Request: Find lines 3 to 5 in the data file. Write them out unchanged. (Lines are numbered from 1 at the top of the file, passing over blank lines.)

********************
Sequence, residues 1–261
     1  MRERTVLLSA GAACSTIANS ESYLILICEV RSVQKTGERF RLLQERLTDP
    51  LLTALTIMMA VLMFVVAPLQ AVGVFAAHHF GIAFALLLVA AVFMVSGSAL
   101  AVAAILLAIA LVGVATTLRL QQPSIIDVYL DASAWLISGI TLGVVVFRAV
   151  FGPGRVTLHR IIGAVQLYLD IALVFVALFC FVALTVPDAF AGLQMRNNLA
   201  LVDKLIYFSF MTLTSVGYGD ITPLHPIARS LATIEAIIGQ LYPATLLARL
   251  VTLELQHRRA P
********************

    51  LLTALTIMMA VLMFVVAPLQ AVGVFAAHHF GIAFALLLVA AVFMVSGSAL
   101  AVAAILLAIA LVGVATTLRL QQPSIIDVYL DASAWLISGI TLGVVVFRAV
   151  FGPGRVTLHR IIGAVQLYLD IALVFVALFC FVALTVPDAF AGLQMRNNLA